State of the states: Florida, Washington, Oregon and Missouri have the unhappy distinction of being the states with the most identity theft victims. Florida’s senior population may make it particularly vulnerable to identity theft. Elderly Americans often are targeted because they may have more money than younger Americans. They also tend to have more contact with multiple people such as caretakers entering their homes. While identity theft complaints are more common in these states than others, there are no safe states. Steven Toporoff, of the Division of Privacy and Identity Protection at the FTC, said, “Everyone is vulnerable.” Source: 24-7 Wall Street via USA TODAY

Cheap and easy: Hackers who get information in massive data breaches might post bits and pieces of personal data in public to advertise they’ve got more for sale in bulk. Jim Jones, associate professor of computer forensics at George Mason University, says it’s a common practice. “It’s a way to anonymously, but publicly, verify that you, the bad guy, have in fact stolen this set of data,” Jones said. Surveys show a complete identity may be sold for as little as $30. To drum up sales on the Darknet, Jones says, hackers will give potential buyers a taste on public sharing websites. Source: WJLA, Washington, D.C.

Share for safety: Awareness of the potential for a coordinated attack on a specific industry, such as the financial sector, led several industries to run simulations designed to test their response to a coordinated attack. The results showed a need for cyber-threat information to be shared. Otherwise, “it’s almost impossible to detect systemic attacks early enough to contain them,” says Ed Powers, U.S. managing principal of Deloitte & Touche’s Cyber Risk Services practice. Source: CFO Journal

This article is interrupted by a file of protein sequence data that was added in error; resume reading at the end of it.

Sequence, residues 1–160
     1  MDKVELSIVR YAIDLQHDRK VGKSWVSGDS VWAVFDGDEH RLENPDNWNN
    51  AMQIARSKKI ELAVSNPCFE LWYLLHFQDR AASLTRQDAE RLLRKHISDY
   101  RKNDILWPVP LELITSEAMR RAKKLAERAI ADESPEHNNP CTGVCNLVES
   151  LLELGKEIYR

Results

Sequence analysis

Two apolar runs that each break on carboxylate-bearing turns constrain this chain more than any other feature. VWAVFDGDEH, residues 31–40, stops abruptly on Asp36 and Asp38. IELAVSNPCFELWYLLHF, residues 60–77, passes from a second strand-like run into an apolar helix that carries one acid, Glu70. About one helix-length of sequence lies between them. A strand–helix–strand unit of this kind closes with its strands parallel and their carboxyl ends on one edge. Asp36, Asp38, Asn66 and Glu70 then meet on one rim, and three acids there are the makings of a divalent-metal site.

Tough talk: The government should prepare to electronically attack those who threaten U.S. interests, said White House Cybersecurity Coordinator Michael Daniel. “We need to have a larger toolset to go after what the bad guys are doing,” he said. “This is not a tool that’s going to be used on a daily basis for ordinary criminals, but to allow us to go after the worst of the worst.” Such action would require data sharing between government and industry, Daniel said Congress is working on laws to make this possible. Source: The Register

Keepers of the keys: Information technology professionals say the risk and cost associated with managing encryption keys is one of their least favorite duties, citing unclear ownership of keys as the primary reason, says a global survey by the Ponemon Institute. As organizations use more encryption, they get more keys. “In some companies, you might have millions of keys,” said Richard Moulds of Thales e-Security, sponsor of the report. Source: CSO

Get ready, get set … The pain of a data breach can be lessened if an organization has a response plan in place. Emily Mossburg, of the Cyber Risk Services Resilient Practice with Deloitte & Touche, said staffers should know their roles and responsibilities. “It’s beyond just a technical investigation,” she said. “It’s about having a staff that knows this is a business issue … and preparing them in advance for what this might mean.” Source: Search Security